"My Father's House" BODY LANGUAGE AND AUTHORITY IN 'CLARISSA'
Samuel Richardson Clarissa, like the Lettres persanes, addresses a question central to the Enlightenment: the relation of private passions and public order. But while Montesquieu writes from within the specific cultural field of French absolutism, Clarissa's very different context is mid- eighteenth-century British society. Although the two texts adopt the same literary form, critics have paid more attention to their differences than to their similarities. Indeed, they have come to typify a distinction, which I argue is in important ways illusory, between the sentimental letter-novel and the philosophical epistolary narrative or cultural critique in letter form.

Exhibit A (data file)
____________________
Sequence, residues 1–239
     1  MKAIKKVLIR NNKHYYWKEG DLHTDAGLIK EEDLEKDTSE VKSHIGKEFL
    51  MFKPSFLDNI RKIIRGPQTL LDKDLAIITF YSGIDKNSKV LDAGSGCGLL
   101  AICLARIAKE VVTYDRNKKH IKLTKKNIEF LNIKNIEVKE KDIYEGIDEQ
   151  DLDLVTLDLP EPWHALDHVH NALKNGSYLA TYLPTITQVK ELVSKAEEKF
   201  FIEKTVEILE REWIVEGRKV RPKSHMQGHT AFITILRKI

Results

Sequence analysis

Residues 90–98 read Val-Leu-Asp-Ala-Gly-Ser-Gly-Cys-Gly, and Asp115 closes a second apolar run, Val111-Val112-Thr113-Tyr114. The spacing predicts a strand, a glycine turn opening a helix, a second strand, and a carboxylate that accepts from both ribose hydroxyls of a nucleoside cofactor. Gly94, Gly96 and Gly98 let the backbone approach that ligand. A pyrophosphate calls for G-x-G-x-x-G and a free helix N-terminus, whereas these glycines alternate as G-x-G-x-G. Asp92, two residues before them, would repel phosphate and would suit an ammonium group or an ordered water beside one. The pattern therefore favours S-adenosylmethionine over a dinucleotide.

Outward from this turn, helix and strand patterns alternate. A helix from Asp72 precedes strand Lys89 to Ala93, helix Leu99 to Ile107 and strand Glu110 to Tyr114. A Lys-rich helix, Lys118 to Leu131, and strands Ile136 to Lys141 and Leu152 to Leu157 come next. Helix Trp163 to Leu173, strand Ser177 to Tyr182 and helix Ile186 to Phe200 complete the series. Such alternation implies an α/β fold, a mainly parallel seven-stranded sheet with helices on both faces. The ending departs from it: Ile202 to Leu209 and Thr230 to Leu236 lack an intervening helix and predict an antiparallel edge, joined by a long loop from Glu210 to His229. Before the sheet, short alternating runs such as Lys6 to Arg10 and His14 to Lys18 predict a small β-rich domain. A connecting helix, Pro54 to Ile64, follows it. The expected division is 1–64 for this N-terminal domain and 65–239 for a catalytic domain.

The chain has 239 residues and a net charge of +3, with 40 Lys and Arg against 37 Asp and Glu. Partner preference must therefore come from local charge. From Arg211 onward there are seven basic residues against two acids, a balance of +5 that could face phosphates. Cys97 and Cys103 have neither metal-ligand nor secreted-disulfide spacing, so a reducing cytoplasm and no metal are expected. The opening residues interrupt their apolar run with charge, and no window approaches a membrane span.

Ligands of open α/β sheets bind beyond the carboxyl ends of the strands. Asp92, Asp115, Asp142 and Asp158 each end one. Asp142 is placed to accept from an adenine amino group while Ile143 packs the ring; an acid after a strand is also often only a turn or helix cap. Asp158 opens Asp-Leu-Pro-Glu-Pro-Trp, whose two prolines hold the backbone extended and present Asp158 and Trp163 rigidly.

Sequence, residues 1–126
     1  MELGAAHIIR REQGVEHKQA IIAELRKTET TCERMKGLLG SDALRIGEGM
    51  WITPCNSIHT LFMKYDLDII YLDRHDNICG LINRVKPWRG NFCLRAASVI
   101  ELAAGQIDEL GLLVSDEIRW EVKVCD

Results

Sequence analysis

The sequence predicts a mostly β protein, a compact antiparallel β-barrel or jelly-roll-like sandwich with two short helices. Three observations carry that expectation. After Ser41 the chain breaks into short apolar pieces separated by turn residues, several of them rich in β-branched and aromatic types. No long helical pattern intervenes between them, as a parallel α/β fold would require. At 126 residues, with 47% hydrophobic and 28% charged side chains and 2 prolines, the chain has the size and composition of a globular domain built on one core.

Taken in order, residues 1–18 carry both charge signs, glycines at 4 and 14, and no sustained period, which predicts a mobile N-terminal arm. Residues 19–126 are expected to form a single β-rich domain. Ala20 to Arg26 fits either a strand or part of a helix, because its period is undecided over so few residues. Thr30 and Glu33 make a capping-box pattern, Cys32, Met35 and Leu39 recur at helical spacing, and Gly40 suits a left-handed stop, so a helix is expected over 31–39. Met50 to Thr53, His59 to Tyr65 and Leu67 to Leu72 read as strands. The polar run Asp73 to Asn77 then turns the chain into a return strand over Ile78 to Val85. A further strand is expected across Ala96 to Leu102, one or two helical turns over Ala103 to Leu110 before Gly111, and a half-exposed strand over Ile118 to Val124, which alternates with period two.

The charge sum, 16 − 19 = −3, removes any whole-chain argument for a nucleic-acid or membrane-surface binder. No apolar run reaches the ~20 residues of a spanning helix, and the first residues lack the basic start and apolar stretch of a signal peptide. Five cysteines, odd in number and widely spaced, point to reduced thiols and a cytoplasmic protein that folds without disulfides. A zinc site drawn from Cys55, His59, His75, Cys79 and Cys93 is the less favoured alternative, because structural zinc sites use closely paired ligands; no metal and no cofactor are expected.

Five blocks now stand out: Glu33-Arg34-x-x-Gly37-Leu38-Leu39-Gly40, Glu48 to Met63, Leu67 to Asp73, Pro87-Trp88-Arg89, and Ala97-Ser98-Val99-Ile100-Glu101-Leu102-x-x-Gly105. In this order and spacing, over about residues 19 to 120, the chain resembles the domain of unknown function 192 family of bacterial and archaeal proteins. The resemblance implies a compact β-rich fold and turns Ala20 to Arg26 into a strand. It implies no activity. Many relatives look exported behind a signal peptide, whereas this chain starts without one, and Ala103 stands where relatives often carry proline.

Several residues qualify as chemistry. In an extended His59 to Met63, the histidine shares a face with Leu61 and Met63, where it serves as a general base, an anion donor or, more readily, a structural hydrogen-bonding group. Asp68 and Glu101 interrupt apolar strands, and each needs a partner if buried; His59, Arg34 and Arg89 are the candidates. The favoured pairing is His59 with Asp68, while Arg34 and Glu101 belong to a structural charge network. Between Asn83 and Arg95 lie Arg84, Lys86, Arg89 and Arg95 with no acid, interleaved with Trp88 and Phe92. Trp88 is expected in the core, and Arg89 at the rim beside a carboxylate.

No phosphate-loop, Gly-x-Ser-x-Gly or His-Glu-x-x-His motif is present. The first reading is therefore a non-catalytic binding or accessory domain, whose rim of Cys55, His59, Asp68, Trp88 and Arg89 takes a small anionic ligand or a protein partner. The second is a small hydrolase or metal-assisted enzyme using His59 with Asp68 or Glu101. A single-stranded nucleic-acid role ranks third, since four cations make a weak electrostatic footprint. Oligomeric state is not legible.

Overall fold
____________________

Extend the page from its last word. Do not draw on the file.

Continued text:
The issues of public and private, gender and authority that organize Montesquieu's text are crucial to Richardson's as well; however, Richardson's responses to these issues are significantly different from Montesquieu's. While Clarissa resembles the Lettres persanes in redefining literary authority by emphasizing the importance of a reading public constituted as such by these very works, Richardson's novel ultimately modifies Montesquieu's idea of the Republic of Letters, proposing a more limited enfranchisement of its citizen-critics and a less radical form of the author/reader relation. This modification is motivated, I propose, by Richardson's anxiety about the gender of the citizen-critic.